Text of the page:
When Gary first mentioned that downtown Findlay, OH reminded him of downtown Keene, NH, I thought he’d surely lost his mind. What? How could a Midwestern town in the confessed Middle of Nowhere compare with the quaint charm of my beloved New England town? It wasn’t until I saw the painted ladies of Sandusky Street that I began to think that Findlay and Keene might secretly be sister cities.

Last summer, I blogged about an architectural heritage tour I’d gone on here in Keene, and I illustrated a subsequent entry with pictures of several of the restored Queen Anne houses on Court Street: Keene’s painted ladies. On that tour, I learned that Keene’s industrial heyday after the Civil War–a time when the railroad ran through town and carted off goods manufactured at local textile mills, furniture factories, and brickyards–is embodied in the architecture of Keene’s older buildings, which themselves reflect a late 19th century penchant for Italianate, Victorian, and Second Empire houses. Although factory workers lived in humble brick or wooden homes, their bosses–and the factory owners–built elaborate houses showing off the latest architectural styles. If factory work was a grind for common laborers, industrial bossmen and venture capitalists alike wanted to perpetuate the belief that a rich man’s home was his castle.

Although I knew this much about the architectural heritage of Keene, NH, I never stopped to consider that Findlay, OH might have had an industrial heyday of its own during the years after the Civil War. In my mind, Ohio has always been at least a couple generations behind whatever is happening on either coast; in my mind, the quintessential Midwestern architectural style is either the ubiquitous ranch or the inexpensive bungalow. So imagine my surprise when I took a drive around Findlay’s downtown and discovered that this Ohio town surrounded by corn and soybean fields has more than a few beautifully restored 19th century houses: the painted ladies of Sandusky Street.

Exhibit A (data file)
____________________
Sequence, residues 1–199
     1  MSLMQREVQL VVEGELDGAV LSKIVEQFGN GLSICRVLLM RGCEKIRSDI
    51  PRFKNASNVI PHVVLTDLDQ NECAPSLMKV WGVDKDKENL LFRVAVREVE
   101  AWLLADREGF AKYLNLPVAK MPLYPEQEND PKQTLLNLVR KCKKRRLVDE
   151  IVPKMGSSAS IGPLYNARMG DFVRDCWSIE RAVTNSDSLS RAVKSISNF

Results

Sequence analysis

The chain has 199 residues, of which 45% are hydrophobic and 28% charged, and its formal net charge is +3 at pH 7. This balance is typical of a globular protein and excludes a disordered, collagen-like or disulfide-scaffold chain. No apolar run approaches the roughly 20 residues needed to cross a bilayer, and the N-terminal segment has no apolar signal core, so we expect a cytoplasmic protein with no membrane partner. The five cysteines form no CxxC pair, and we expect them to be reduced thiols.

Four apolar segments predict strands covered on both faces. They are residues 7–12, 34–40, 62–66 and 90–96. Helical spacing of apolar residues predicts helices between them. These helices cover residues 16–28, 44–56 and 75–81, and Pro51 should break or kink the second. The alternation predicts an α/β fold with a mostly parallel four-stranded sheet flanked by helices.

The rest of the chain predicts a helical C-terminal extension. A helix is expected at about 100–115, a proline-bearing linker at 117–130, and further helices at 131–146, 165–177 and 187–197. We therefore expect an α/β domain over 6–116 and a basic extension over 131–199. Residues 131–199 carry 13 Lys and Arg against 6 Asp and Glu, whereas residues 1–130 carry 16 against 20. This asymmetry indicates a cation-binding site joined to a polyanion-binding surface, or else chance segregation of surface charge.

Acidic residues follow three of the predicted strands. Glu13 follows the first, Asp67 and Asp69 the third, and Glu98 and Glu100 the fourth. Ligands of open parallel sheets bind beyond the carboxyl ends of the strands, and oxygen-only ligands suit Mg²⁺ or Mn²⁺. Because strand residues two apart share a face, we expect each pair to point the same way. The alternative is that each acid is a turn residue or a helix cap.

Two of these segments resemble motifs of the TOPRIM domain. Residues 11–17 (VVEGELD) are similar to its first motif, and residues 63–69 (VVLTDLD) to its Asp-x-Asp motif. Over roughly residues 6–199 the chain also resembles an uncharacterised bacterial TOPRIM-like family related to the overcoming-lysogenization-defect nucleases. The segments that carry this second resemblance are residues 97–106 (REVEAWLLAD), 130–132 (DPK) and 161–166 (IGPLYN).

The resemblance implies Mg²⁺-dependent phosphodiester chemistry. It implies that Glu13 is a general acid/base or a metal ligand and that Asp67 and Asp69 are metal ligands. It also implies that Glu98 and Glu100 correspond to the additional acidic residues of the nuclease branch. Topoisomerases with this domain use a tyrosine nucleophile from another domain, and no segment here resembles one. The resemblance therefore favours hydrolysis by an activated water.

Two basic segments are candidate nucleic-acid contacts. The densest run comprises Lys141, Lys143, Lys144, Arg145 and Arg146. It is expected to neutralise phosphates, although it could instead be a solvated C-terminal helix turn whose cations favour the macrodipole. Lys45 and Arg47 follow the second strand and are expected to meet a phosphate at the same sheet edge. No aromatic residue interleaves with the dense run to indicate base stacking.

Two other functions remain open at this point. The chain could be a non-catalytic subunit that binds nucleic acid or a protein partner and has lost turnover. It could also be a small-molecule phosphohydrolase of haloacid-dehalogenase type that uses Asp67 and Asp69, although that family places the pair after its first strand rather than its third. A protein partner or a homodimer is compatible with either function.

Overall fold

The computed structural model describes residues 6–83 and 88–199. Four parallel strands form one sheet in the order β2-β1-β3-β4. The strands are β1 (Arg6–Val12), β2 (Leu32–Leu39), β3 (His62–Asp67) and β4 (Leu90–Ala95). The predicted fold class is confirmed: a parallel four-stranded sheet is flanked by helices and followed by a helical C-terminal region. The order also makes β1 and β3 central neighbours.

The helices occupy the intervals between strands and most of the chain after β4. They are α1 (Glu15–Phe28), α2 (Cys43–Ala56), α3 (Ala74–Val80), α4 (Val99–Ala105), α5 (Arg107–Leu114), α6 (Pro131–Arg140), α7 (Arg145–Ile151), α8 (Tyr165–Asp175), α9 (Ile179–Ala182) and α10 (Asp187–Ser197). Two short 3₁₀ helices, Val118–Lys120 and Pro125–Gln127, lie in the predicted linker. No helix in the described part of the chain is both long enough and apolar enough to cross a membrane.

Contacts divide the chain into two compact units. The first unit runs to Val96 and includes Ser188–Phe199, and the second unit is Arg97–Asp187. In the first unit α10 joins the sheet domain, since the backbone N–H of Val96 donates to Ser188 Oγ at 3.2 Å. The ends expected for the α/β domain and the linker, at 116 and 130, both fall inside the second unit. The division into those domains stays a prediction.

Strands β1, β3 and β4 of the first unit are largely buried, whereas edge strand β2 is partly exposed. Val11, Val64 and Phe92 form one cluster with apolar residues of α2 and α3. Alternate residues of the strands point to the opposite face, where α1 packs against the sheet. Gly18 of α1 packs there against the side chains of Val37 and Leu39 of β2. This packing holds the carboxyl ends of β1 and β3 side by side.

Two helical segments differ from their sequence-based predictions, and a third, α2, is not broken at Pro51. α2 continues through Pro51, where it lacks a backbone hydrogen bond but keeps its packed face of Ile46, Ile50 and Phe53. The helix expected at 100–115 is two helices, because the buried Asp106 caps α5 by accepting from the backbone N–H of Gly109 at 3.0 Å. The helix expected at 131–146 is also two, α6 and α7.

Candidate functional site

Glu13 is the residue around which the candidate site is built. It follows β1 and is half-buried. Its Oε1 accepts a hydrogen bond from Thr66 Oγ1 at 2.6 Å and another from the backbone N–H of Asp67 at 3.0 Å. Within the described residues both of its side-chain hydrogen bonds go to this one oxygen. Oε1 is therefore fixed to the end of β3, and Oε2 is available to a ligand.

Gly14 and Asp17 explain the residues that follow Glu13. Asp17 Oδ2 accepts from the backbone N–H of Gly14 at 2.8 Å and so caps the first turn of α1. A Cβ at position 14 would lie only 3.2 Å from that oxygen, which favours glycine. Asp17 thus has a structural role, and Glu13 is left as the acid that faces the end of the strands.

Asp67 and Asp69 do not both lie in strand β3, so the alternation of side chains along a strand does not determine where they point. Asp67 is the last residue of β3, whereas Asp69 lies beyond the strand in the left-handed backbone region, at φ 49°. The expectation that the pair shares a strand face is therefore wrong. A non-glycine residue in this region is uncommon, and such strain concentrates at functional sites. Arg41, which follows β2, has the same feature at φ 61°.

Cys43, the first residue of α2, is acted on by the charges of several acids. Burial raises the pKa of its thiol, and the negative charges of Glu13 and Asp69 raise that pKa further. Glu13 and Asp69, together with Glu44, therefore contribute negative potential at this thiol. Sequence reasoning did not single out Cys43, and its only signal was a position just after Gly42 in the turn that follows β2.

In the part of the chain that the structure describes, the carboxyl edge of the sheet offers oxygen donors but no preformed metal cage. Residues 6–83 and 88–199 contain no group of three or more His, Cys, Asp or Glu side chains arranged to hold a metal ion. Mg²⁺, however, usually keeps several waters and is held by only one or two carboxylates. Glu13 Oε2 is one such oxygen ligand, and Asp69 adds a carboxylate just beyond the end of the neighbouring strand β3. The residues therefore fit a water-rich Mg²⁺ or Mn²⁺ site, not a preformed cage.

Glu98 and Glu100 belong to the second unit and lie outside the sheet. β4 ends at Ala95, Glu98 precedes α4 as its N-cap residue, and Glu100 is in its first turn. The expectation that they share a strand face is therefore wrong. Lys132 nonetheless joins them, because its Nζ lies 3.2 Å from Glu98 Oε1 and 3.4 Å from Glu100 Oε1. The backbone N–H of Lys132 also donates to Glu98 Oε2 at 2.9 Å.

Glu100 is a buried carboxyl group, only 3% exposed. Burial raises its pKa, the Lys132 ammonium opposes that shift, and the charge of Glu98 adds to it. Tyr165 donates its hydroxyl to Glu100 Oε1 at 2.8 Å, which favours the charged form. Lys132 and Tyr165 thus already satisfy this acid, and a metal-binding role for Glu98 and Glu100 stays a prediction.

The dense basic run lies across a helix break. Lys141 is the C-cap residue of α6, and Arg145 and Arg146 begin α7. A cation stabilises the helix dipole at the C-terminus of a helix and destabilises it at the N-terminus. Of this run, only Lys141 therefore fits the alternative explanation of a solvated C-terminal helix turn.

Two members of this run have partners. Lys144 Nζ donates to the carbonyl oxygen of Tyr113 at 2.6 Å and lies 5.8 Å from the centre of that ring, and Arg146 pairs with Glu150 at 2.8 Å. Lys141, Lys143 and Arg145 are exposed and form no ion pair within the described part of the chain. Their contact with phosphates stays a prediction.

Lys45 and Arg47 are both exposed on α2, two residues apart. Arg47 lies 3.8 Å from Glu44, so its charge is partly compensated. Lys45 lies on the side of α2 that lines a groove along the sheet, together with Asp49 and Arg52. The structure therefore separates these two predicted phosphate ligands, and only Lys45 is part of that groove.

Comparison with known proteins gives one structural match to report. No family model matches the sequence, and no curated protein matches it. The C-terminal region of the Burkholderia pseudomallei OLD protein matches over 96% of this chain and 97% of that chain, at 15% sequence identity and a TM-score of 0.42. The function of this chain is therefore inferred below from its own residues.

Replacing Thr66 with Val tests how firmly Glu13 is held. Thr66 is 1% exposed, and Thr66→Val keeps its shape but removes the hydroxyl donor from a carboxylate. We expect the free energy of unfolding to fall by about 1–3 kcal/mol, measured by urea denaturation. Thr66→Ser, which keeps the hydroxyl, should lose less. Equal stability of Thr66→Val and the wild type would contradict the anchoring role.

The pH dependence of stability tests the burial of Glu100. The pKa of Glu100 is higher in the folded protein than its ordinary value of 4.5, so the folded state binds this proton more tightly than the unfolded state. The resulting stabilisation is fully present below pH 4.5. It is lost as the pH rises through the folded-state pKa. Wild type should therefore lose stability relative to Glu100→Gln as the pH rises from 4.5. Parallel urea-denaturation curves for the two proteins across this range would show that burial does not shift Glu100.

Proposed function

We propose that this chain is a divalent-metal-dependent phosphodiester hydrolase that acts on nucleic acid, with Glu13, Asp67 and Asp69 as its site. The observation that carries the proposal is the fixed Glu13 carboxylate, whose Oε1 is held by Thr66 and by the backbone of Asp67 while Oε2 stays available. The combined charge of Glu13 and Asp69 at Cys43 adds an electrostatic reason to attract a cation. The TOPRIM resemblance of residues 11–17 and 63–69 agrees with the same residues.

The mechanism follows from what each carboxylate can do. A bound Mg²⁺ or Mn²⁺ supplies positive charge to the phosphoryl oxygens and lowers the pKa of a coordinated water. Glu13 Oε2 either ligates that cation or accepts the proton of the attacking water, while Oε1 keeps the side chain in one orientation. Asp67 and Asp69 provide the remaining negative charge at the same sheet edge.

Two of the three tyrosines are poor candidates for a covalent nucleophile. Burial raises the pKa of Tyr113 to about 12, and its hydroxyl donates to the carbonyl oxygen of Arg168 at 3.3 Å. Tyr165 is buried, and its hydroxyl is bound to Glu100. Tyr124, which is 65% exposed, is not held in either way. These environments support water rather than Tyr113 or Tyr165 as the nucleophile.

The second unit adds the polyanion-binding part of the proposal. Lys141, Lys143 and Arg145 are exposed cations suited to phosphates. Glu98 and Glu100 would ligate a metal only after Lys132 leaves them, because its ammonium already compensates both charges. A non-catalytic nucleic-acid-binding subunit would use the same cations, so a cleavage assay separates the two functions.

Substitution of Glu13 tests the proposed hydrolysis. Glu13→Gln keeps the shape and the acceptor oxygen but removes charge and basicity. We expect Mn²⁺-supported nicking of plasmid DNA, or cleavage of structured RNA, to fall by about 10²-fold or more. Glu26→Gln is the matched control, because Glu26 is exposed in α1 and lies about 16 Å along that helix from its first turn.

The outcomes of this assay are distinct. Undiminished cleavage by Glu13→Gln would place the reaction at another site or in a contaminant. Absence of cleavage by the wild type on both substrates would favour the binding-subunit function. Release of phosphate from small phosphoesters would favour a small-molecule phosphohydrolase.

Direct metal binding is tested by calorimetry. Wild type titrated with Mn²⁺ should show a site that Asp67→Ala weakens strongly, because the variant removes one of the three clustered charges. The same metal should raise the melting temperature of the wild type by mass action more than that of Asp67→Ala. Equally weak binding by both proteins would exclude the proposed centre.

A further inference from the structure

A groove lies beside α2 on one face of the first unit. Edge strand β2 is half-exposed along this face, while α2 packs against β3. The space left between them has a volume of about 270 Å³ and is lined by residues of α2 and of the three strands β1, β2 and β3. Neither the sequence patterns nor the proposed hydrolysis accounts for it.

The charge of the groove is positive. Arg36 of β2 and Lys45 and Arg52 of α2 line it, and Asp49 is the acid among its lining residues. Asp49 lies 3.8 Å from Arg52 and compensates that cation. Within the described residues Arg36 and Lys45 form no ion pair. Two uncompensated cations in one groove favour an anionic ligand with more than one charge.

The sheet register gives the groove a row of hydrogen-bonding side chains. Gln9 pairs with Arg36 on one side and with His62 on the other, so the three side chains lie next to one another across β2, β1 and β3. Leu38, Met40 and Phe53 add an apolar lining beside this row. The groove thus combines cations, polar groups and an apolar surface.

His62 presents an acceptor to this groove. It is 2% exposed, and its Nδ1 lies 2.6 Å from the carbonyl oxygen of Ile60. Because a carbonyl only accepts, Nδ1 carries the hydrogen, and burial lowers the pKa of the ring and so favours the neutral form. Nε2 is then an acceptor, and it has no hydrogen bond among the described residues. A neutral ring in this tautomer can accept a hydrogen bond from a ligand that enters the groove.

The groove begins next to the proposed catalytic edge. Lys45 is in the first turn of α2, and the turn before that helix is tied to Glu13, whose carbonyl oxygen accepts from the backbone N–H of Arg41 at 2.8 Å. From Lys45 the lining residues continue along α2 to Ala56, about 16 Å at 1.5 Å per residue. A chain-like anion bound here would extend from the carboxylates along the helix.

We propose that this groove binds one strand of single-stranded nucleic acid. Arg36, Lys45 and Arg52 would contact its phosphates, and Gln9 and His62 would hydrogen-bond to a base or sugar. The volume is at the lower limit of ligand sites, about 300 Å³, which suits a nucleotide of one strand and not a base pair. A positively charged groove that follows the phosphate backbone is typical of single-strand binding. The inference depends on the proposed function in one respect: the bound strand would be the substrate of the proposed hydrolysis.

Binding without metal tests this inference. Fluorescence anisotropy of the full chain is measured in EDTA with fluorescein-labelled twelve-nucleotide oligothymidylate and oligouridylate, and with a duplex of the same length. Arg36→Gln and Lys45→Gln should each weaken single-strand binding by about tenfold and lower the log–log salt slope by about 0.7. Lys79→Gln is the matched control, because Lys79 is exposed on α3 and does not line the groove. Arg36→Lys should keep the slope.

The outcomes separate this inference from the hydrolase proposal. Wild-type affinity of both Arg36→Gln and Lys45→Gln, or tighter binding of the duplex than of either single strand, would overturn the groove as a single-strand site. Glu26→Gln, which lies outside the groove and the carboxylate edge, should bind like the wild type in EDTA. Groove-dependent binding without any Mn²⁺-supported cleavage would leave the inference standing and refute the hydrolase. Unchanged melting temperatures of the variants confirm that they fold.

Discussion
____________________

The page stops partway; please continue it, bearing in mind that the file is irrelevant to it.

As it turns out (all my deprecatory attitudes about my home state notwithstanding), Findlay wasn’t always a Midwestern backwater. Back in the late 1800s, when the entire nation was experiencing a commercial flurry that Mark Twain dubbed the Gilded Age, Findlay, OH wasn’t the Middle of Nowhere: Findlay, OH was the Middle East of the Midwest.

In Findlay, they call it the Gas Boom. Although the phrase “Gas Boom” brings to mind the unfortunate image of a match strike gone wrong, it turns out that Findlay’s petroleum reign did start with a surprise explosion. Back in 1836 when a farmer named Richard Wade tried to dig a well on his land in Ohio’s Hancock County, he was disappointed to find the well stank. Lighting a torch to investigate, Wade experienced the first oops! of northwest Ohio’s Gas Boom: an explosive upwelling of natural gas that made him look for water elsewhere.

It wasn’t until after the Civil War that industrialists discovered that oil and natural gas–the stinky stuff that polluted northwest Ohio wells–could be put to commercial use. Starting in 1884, natural gas was pumped from Ohio’s petroleum fields to neighboring towns where it fueled genteel lamps and stoves. In 1886, the massive Karg Well was tapped on the rural outskirts of Findlay. Producing some 12,000,000 cubic feet of natural gas per day at a nearly uncontrollable pressure, the prolific Karg Well led folks to believe that natural gas was an undepletable resource that would renew itself as quickly as it was spent. With a nonchalance that screams “Gilded Age,” locals left their gas stoves and lamps burning 24 hours a day, opening windows when their lavishly furnished homes overheated.